raisin tea cake

I’ve been thinking about this cake ever since my mum emailed me earlier this week, asking for a good recipe for cake aux fruits confits.

Growing up, cake aux fruits confits was always the last one left on a birthday dessert table. Slices of dry cake, studded with always too little candied cherries, of the bright-red kind, which if you’d asked me twenty years ago were the best part about this loaf cake.

Of course, my dad who’s always been fond of the store-bought kind (same goes for madeleines, go figure!), would heavily disagree. But to be completely honest, as I read my mum’s email, I couldn’t stop myself from thinking that good and cake aux fruits confits don’t really go hand in hand. A thought that I’d soon learn how to let go.

As any new recipe I work on, I make a mental list of the things I want and do not want in the finished product.
Here I was trying to go as far away as possible from the fruit cakes I used to make when I first moved to London. Rich with dark brown sugar, many raisins and manier currants, and loaded with so much candied fruits you’d wonder where the cake batter had gone.

What I wanted was a moist sponge with a slightly dense crumb and deeper flavours, studded with plump raisins and delicate candied fruits. A light-golden crust, made soft with ground almonds on the batter and a generous wash of tea-infused sugar syrup on the warm loaf.

I made the cake this morning, as water was boiling for the first of many French-press-fuls of coffee. And I liked it so much that I thought you might too. Et pour toi aussi Maman <3

I had to leave out the candied fruits, because I didn’t have any at home, and really, I’m pretty certain that the Swedes are wise enough to leave them out from their supermarkets’ shelves; yes, I truly think I haven’t spotted any since we moved here, not that I’ve been restlessly looking for fruits confits.
It made for a wonderful almond and raisin tea cake, but if you’re after a cake aux fruits confits, you could most definitely replace some of the raisins with candied fruits, as noted in the recipe below.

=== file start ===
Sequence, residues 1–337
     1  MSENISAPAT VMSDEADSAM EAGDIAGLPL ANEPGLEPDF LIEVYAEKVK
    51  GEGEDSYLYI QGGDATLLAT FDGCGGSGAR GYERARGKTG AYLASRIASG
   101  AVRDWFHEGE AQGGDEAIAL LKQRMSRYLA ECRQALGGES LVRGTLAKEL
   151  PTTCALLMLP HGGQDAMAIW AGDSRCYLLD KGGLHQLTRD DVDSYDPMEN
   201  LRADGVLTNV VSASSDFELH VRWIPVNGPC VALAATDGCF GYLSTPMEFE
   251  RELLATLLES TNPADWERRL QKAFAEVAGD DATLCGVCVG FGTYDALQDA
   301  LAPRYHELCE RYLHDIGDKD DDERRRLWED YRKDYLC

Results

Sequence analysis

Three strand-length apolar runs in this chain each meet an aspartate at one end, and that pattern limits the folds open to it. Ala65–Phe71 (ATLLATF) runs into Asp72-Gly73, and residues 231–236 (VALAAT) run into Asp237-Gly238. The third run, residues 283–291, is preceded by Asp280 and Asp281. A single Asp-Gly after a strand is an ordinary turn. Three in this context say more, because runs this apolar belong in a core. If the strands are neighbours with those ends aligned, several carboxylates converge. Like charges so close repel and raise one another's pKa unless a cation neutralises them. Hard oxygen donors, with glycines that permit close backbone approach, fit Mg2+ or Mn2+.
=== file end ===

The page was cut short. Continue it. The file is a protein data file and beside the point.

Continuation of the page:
raisin tea cake sliced

Almond and raisin tea cake

Makes one loaf

boiling water
100 g raisins
1 Breakfast tea bag

125 g butter, soft
70 g light brown sugar
50 g caster sugar
1 tsp vanilla sugar
3 eggs
100 g plain flour
80 g ground almonds
1 tsp baking powder
120 g raisins or candied fruits
(see note above)

A hour before staring, soak the raisins in boiling water – enough to cover them completely. Add the tea bag and set aside until needed.

Preheat the oven to 180°C (for a fan-assisted oven). Butter and line a loaf tin with baking paper.

Drain the raisins, pressing well to get rid of any excess liquid, and making sure to save the soaking liquid, which we’ll later use to make a syrup to brush the warm loaf with.

Cream the butter and sugars for 5-6 minutes, until light and fluffy. Add the eggs, one at a time, beating well after each addition.
In another bowl, mix the flour, ground almonds, baking powder and raisins (or candied fruits, if using).
Pour over the butter mixture and fold gently using a wooden spoon or spatula, until smooth. Finally fold in the soaked raisins and pour the batter into the prepared tin.

Bake for 10 minutes at 180°C, then reduce the temperature to 160°C and bake for a further 30-35 minutes, or until the sponge feels springy to the touch.
In the meantime, weigh out 100 g of the soaking syrup into a small pan and add 70 g of caster sugar. Bring to the boil. When the cake is baked, immediately brush the syrup on top of the warm loaf.
Allow to cool down completely and unmould.

This cake will keep for days at room temperature,well-wrapped in clingfilm.

whisk

Cake aux raisins ou Cake aux fruits confits

Pour un cake

100 g raisins secs
eau bouillante
1 sachet de thé anglais

125 g beurre, mou
3 oeufs
70 g vergeoise blonde
50 g sucre
1 càc sucre vanillé
100 g farine T55
80 g amandes en poudre
1 càc levure chimique
120 g raisins secs ou fruits confits

Un heure avant de commencer, placer les raisins secs dans un bol supportant la chaleur et verser de l’eau bouillante pour les recouvrir. Ajouter le sachet de thé et laisser infuser pendant 1 heure.

Préchauffer le four à 180°C (pour un four ventilé). Beurrer un moule à cake et le recouvrir de papier cuisson.

Egoutter les raisins en prenant soin de bien les presser afin d’extraire un maximum d’eau. Réserver l’eau de trempage qui servira par la suite à imbiber le cake.

Battre le beurre avec les sucres pendant 5-6 minutes. Ajouter les oeufs, un à un, en battant environ une minute après chaque oeuf.

Dans un bol, mélanger la farine, poudre d’amandes, levure chimique et fruits confits (ou la seconde pesée de raisins secs pour un cake aux raisins). Verser sur le beurre et incorporer la farine à l’appareil en utilisant une cuillère ou spatule jusqu’à obtention d’une pâte bien lisse.
Finalement, ajouter les raisins secs préalablement égouttés et mélanger brièvement.
Verser l’appareil dans le moule à cake beurré.

Cuire 10 minutes, puis abaisser la température à 160°C et poursuivre la cuisson pendant environ 30-35 minutes.
Pendant ce temps, verser 100 g du liquide de trempage des raisins dans une petite casserole et ajouter 70 g de sucre. Porter à ébullition et réserver.

Une fois cuit, imbiber le cake encore chaud à l’aide d’un pinceau. Laisser refroidir complètement, puis démouler.
Ce cake se conserve très bien à température ambiante, enveloppé dans du papier film.